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22 Oct 2008 : Column 362

Mr. Barron: I am grateful to the hon. Gentleman for that intervention. Obviously, with the professional knowledge that he gained before he came to this place, he has a deep understanding of the scientific complexities and the need for these procedures.

The briefing from the scientific community continues:

I am quite prepared to support that collective voice of science and scientific researchers in this country and reject new clause 25 and amendment No. 50, and I would urge the House to do the same.

I move on briefly to amendment No. 47. Several hon. Members intervened on the hon. Member for Enfield, Southgate (Mr. Burrowes), who admitted in one of his early utterances that the science is complex. Indeed it is. He then went on at great length just to give us an example of how complex it is, and I am grateful that he did. If I may say so, we have here a conflict with what the scientific community think about the effect of amendment No. 47. I will wait to hear what the Minister says. The Government believe that the intended effect of the amendment is covered by clause 4 as it stands. I will not enter into a dispute about that with Ministers, although other hon. Members have been prepared to do so this afternoon.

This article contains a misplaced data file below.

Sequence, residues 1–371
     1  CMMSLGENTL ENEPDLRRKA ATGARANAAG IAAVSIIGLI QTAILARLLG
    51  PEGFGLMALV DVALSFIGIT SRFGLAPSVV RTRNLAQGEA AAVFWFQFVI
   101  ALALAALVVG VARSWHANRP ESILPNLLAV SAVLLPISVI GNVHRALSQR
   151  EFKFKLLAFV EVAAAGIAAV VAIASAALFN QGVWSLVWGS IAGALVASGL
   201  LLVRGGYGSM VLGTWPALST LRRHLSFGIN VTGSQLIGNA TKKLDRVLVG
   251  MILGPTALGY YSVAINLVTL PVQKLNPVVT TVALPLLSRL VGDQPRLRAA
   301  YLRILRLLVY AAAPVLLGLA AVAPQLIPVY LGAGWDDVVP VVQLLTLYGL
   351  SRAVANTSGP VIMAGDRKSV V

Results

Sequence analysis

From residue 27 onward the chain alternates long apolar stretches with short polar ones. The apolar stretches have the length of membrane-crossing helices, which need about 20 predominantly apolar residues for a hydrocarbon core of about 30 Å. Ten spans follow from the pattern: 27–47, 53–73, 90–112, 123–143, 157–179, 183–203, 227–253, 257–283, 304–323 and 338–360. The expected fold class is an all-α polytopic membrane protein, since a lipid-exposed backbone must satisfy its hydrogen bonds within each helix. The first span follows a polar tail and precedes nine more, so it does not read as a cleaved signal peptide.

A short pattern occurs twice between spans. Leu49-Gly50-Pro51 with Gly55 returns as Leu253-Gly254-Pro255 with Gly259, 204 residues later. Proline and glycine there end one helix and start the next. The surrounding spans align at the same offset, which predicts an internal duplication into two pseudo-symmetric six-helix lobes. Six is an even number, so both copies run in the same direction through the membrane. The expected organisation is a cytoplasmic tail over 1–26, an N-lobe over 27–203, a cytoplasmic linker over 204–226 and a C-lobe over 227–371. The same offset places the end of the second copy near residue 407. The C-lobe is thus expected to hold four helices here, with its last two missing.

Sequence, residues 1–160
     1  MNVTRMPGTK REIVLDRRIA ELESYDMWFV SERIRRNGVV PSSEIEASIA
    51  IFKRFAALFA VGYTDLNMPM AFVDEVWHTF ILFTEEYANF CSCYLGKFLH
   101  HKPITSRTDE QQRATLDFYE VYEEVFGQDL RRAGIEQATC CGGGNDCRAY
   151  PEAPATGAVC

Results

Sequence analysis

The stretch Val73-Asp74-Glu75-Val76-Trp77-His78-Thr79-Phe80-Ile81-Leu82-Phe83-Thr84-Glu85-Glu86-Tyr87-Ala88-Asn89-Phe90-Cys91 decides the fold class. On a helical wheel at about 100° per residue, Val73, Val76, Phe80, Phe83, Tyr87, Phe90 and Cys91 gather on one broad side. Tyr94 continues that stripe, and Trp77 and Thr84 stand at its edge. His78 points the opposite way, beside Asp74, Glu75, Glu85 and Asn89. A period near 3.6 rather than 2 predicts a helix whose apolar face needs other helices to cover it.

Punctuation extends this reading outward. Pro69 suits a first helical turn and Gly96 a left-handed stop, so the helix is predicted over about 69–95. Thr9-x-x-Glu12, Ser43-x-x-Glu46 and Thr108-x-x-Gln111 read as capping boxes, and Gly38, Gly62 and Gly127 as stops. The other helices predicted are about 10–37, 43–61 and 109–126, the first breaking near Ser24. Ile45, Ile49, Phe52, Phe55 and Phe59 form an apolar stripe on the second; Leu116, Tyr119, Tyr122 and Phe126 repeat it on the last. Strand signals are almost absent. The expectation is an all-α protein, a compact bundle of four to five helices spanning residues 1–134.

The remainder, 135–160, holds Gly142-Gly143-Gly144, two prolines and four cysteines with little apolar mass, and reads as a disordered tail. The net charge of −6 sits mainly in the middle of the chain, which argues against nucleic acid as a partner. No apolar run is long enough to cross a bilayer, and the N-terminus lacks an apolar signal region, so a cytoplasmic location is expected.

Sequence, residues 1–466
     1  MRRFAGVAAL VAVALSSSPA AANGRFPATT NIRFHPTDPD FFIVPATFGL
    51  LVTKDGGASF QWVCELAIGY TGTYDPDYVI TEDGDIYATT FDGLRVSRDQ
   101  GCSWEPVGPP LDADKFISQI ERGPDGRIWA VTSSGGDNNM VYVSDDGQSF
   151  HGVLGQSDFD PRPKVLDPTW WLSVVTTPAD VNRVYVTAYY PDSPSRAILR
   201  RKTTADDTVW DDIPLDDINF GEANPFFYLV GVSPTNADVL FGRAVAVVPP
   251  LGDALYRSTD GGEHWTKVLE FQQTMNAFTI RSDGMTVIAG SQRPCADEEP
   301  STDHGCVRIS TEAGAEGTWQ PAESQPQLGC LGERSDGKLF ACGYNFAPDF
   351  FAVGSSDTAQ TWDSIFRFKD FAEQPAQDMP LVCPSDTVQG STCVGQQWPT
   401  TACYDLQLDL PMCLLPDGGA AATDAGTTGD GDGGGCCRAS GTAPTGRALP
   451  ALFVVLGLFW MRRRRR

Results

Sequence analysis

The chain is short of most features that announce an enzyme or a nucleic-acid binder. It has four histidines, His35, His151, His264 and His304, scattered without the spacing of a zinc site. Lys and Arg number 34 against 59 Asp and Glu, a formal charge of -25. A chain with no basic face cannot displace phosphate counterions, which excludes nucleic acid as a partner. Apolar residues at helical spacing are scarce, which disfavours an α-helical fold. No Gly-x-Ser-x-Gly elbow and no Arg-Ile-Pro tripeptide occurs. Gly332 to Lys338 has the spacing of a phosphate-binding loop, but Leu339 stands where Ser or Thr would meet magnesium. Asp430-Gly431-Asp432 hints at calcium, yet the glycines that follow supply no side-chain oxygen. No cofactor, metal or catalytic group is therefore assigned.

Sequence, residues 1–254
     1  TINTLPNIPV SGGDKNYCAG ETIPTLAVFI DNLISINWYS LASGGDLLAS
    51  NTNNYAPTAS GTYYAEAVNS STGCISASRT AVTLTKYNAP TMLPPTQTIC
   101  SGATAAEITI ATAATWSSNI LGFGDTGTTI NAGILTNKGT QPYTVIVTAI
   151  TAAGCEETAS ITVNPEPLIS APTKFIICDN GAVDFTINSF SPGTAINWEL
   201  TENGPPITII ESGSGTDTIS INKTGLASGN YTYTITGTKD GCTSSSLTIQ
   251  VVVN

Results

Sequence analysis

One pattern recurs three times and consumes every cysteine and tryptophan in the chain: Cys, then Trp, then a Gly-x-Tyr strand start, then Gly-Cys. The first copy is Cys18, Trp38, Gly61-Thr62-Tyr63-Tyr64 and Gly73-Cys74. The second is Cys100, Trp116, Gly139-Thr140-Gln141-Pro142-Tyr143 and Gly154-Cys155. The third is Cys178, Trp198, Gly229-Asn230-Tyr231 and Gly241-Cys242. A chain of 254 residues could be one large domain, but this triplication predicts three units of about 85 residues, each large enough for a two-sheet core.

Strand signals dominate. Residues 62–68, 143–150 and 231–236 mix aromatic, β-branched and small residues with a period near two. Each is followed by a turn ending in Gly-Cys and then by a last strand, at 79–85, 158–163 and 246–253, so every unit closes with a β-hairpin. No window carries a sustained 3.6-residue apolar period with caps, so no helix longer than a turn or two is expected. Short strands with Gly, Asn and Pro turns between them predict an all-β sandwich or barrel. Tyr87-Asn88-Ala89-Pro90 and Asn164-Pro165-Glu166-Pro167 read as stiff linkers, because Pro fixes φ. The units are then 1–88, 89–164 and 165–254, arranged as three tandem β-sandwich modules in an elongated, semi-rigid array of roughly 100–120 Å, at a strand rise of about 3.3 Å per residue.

Mr. Iain Duncan Smith (Chingford and Woodford Green) (Con): If, however, it turned out from the right hon. Gentleman’s own standpoint that the argument being advanced by my hon. Friend the Member for Enfield, Southgate (Mr. Burrowes) was correct, and that the Government’s protection in this case was not enough, would he be minded to support amendment No. 47?

Mr. Barron: When I first stood up, I said that I was minded not to support it, because of the scientific voice that expressed itself in the briefing that was sent to us and to other legislators from those four eminent areas of science. I was half hoping that the right hon. Member for Suffolk, Coastal (Mr. Gummer), who has held high office in the House and must have taken many Bills through Parliament, would tell us whether, as a Minister, he ever accepted an amendment from anybody on the basis that the content of the amendment was in the Bill anyway, and it would just strengthen that message. I am not too sure about that.

Mr. Gummer indicated assent.

Mr. Barron: Well, he should tell me if he has.